Loss of smell function may predict the onset of Alzheimer's disease, according to a new study published in the January 13 issue of the Journal of Neuroscience. The research links a loss of smell function in Alzheimer's disease (AD) model animals with amyloid ß (protein) accumulation in the brain, a distinguishing hallmark of Alzheimer's disease.

The formation of amyloid plaques and neurofibrillary tangles are believed to contribute to the degradation of the neurons in the brain and the subsequent symptoms of AD.  In this newly published study, NYU Langone scientists used genetically engineered mice, which developed amyloids in their brains, reflecting a progressive Alzheimer's disease pathology similar to humans.   They found that Alzheimer's disease amyloid pathology occurs first in a region of the mouse brain responsible for smelling—which is directly above their noses.   This pathology also coincided with the animals having abnormal abilities to smell.  The mice with a high concentration of amyloid in their brains had to sniff odors longer to "learn" them than mice with less amyloid.  They also had problems differentiating between odors.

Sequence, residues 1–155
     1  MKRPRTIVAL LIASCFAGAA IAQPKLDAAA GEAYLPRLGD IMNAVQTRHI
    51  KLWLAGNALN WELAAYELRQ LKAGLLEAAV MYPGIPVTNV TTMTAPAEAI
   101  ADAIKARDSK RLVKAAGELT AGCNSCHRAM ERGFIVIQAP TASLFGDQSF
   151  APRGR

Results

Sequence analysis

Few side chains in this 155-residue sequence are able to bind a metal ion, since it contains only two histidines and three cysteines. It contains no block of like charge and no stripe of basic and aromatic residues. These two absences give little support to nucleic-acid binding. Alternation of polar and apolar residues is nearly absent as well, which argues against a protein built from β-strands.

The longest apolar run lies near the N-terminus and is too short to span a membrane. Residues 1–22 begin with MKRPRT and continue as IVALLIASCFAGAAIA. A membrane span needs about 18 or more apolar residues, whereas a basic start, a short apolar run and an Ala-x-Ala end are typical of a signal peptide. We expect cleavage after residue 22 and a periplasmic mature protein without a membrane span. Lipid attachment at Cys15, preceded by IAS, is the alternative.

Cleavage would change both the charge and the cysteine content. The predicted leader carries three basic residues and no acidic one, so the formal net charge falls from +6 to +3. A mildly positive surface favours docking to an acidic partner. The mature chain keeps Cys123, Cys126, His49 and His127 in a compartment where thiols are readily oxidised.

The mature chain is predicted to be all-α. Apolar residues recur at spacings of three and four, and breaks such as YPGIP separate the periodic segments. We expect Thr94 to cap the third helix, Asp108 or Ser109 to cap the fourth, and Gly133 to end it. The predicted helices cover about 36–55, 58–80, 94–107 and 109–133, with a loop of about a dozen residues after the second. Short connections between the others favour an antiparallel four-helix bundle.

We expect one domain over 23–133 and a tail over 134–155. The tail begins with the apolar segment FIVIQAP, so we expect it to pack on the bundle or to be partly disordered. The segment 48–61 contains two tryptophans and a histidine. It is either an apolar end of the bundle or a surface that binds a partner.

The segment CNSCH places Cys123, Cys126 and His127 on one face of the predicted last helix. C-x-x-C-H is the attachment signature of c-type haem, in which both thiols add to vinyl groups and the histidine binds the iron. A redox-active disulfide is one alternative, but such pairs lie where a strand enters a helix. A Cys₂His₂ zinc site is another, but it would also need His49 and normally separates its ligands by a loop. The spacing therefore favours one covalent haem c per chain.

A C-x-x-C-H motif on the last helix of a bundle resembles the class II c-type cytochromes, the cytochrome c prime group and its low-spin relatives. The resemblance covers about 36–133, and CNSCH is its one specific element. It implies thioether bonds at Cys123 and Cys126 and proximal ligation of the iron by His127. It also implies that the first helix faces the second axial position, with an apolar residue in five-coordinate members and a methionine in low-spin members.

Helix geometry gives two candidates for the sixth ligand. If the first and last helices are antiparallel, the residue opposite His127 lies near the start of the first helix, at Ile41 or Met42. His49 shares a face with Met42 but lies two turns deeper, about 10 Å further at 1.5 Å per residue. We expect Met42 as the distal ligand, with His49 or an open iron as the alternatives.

Since the behavioral symptoms of AD often occur early in life, it is possible that this new olfactory method, looking at olfactory perception across multiple presentations of the same odor, may be advantageous in early detection of Alzheimer's -- prior to substantial degeneration of the brain.

"What was striking in our study, was that performance of the mouse in the olfactory behavior test was sensitive to even the smallest amount of amyloid presence in the brain as early as three months of age (equivalent to a young adult). 

This is a revealing finding because unlike a brain scan, a laboratory-designed olfactory test may be an inexpensive alternative to early diagnosis of Alzheimer's," noted co-author of the project, Daniel W. Wesson, PhD, of the NYU School of Medicine and the Nathan S. Kline Institute for Psychiatric Research in Orangeburg, New York. Presently, much scientific interest exists in establishing methods to diagnose Alzheimer's prior to the irreversible deterioration of the brain characteristic of the disease.

"These novel results provide a two-fold benefit, not only in confirming that olfactory problems may serve as an early indicator of Alzheimer's, but that further validation in humans could facilitate testing of new therapies for the disease," remarked study co-author Ralph A. Nixon, MD, PhD, Director of the Center of Excellence on Brain Aging at NYU Langone Medical Center and professor in the Departments of Psychiatry and Cell Biology.